Second Mysterious Quasicrystal Found In 4.5-billion-year-old Meteorite
A team from Princeton University and the University of Florence in Italy has discovered a quasicrystal—so named because of its mystical arrangement of atoms—in a 4.5-billion-year-old meteorite from a remote region of northeastern Russia, bringing to two the number of natural quasicrystals ever discovered. Prior to the team finding the first natural quasicrystal in 2009, researchers thought that the structures were too fragile and energetically unstable to be formed by natural processes.
"The finding of a second quasicrystal confirms that these materials can form in nature and are stable over cosmic time scales," said Paul Steinhardt, Princeton's Albert Einstein Professor of Science and a professor of physics, who led the study with Luca Bindi of the University of Florence. The team published the finding in the March 13 issue of the journal Scientific Reports.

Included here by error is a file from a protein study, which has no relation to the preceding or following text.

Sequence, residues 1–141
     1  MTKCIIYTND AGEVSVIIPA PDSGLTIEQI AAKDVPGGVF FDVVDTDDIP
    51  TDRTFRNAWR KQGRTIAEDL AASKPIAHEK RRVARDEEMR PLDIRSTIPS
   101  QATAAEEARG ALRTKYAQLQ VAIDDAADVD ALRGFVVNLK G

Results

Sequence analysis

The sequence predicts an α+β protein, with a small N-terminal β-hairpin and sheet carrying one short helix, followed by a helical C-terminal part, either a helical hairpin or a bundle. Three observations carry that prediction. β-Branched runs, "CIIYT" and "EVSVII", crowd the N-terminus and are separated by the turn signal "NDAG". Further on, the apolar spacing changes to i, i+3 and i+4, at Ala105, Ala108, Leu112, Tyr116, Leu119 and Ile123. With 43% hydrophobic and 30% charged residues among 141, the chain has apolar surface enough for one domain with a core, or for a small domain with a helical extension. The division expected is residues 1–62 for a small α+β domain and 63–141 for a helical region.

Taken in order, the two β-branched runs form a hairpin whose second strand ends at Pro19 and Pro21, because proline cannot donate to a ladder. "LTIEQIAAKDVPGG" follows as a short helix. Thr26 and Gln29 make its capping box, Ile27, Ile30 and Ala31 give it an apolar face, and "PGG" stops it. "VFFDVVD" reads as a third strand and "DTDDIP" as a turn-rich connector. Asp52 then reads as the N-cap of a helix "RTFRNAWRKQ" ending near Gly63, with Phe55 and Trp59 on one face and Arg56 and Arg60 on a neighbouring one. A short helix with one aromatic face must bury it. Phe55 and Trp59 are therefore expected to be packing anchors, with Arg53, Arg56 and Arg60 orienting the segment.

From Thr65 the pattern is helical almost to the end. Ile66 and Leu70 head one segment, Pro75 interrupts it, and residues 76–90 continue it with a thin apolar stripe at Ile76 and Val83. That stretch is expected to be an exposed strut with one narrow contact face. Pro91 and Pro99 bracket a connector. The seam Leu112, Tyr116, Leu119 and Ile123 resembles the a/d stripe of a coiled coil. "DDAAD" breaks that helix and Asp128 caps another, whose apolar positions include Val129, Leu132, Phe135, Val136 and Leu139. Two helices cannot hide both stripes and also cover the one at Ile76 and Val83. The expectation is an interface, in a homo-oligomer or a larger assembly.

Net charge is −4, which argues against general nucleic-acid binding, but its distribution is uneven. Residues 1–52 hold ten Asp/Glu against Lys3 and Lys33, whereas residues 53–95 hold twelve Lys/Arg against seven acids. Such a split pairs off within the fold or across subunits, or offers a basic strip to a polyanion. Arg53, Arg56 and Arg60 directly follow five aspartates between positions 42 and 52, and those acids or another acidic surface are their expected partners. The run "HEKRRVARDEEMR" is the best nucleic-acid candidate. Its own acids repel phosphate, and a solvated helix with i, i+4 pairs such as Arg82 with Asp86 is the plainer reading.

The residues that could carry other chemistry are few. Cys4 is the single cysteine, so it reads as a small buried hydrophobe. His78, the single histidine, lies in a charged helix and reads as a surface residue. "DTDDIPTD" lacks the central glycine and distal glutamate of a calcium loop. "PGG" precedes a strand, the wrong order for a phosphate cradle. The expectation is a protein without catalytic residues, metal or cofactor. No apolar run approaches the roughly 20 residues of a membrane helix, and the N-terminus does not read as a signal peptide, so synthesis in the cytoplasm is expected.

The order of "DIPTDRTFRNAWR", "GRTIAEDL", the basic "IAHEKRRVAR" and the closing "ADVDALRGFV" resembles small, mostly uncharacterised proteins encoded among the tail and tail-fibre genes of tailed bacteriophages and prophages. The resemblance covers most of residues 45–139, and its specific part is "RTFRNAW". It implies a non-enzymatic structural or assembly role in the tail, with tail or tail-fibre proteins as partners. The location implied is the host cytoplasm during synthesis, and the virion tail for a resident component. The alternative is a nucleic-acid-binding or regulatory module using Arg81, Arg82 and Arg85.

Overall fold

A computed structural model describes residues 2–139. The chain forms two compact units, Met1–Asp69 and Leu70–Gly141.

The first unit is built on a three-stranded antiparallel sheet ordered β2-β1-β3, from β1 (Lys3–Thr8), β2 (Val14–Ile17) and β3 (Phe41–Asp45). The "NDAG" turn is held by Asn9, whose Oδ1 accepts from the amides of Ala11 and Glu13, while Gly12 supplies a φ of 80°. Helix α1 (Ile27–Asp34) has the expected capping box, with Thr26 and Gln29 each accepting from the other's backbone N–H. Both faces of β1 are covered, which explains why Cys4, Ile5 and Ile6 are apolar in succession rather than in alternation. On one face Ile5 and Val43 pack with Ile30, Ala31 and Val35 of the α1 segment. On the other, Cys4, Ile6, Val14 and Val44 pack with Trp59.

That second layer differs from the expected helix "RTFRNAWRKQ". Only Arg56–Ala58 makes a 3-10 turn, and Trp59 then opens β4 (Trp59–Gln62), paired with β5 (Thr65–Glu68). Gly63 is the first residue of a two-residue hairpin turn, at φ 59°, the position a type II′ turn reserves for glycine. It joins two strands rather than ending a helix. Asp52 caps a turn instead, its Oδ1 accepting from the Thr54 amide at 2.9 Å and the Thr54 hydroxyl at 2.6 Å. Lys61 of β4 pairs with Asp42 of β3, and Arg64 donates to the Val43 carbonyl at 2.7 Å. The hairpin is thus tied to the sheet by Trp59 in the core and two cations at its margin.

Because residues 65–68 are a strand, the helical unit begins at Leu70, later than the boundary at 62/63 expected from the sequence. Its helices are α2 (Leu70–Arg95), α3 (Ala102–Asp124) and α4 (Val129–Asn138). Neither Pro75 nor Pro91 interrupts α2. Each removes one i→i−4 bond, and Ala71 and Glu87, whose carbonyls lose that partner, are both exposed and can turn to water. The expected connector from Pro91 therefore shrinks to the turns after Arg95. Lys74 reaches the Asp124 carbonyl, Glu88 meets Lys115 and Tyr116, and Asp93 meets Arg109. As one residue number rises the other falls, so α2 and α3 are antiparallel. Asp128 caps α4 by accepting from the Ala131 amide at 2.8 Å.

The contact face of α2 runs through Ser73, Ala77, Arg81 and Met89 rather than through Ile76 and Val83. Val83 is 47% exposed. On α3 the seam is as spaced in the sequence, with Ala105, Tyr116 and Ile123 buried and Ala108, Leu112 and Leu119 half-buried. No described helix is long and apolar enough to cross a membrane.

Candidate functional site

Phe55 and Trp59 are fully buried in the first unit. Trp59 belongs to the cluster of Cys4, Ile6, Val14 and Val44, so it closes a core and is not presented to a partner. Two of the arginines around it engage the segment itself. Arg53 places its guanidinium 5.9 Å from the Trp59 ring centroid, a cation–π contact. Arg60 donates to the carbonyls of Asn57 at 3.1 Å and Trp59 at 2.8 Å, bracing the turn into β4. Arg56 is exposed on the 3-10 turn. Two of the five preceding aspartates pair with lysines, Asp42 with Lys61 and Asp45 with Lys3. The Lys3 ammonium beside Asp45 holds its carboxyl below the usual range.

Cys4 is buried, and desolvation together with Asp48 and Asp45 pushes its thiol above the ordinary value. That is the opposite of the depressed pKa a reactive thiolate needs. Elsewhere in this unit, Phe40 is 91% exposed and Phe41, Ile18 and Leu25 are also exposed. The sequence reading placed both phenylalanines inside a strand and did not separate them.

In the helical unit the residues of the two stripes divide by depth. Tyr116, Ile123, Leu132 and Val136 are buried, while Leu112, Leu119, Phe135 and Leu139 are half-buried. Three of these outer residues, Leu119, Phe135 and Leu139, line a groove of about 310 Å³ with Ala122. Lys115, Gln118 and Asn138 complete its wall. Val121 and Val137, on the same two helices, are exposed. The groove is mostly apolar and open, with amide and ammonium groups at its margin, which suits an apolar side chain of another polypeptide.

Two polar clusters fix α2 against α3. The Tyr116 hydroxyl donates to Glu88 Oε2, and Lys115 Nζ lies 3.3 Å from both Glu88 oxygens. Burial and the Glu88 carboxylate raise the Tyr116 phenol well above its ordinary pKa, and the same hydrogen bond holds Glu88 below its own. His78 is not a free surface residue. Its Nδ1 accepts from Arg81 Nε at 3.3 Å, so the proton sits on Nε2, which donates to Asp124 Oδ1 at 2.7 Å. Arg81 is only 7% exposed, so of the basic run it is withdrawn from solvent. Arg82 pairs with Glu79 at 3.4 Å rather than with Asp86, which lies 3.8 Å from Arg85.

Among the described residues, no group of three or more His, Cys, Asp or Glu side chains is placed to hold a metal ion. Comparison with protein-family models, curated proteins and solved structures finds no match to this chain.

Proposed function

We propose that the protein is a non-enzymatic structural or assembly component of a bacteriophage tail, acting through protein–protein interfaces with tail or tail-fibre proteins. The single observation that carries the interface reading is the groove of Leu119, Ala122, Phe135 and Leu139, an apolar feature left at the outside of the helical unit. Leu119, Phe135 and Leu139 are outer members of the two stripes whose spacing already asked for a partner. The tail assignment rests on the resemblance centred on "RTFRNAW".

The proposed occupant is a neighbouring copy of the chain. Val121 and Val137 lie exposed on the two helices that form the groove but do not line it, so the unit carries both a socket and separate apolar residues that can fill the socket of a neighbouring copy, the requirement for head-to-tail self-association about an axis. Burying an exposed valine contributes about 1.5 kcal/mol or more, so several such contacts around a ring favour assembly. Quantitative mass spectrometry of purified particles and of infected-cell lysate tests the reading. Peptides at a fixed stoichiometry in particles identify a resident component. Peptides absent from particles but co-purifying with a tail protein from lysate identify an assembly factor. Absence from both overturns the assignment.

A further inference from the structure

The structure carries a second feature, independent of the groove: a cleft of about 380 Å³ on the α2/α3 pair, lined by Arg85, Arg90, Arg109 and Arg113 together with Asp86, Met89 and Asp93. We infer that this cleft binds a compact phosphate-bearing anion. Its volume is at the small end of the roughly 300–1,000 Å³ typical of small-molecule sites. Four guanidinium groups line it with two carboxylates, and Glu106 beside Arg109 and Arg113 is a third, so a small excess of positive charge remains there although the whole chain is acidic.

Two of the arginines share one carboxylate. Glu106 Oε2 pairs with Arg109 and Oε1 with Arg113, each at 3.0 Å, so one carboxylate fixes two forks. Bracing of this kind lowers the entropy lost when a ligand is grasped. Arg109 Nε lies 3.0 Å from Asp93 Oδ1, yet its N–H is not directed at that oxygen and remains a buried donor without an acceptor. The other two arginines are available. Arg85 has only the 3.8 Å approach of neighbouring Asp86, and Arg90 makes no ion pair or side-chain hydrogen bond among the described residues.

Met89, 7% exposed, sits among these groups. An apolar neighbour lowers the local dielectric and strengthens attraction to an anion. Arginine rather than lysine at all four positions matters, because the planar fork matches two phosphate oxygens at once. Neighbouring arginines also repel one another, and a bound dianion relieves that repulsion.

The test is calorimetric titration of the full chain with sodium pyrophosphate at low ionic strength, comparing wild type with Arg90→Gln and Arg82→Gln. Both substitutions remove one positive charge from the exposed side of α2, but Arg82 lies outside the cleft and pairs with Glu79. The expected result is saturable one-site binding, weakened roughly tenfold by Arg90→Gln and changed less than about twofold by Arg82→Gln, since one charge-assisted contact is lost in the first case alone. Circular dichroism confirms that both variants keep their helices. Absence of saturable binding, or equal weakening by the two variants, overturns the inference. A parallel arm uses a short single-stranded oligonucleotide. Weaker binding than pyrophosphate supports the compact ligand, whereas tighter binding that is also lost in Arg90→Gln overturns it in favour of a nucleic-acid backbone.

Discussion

The discovery raises the possibility that other types of quasicrystals can be formed in nature, according to Steinhardt. Quasicrystals are very hard, have low friction, and don't conduct heat very well—making them good candidates for applications such as protective coatings on items ranging from airplanes to non-stick cookware.
The newly discovered quasicrystal, which is yet to be named, has a structure that resembles flat 10-sided disks stacked in a column. This type of structure is impossible in ordinary crystals, in which atoms are packed closely together in a repeated and orderly fashion. The difference between crystals and quasicrystals can be visualized by imagining a tiled floor: Tiles that are 6-sided hexagons can fit neatly against each other to cover the entire floor. But 5-sided pentagons or 10-sided decagons laid next to each will result in gaps between tiles. "The structure is saying 'I am not a crystal, but on the other hand, I am not random either,'" Steinhardt said.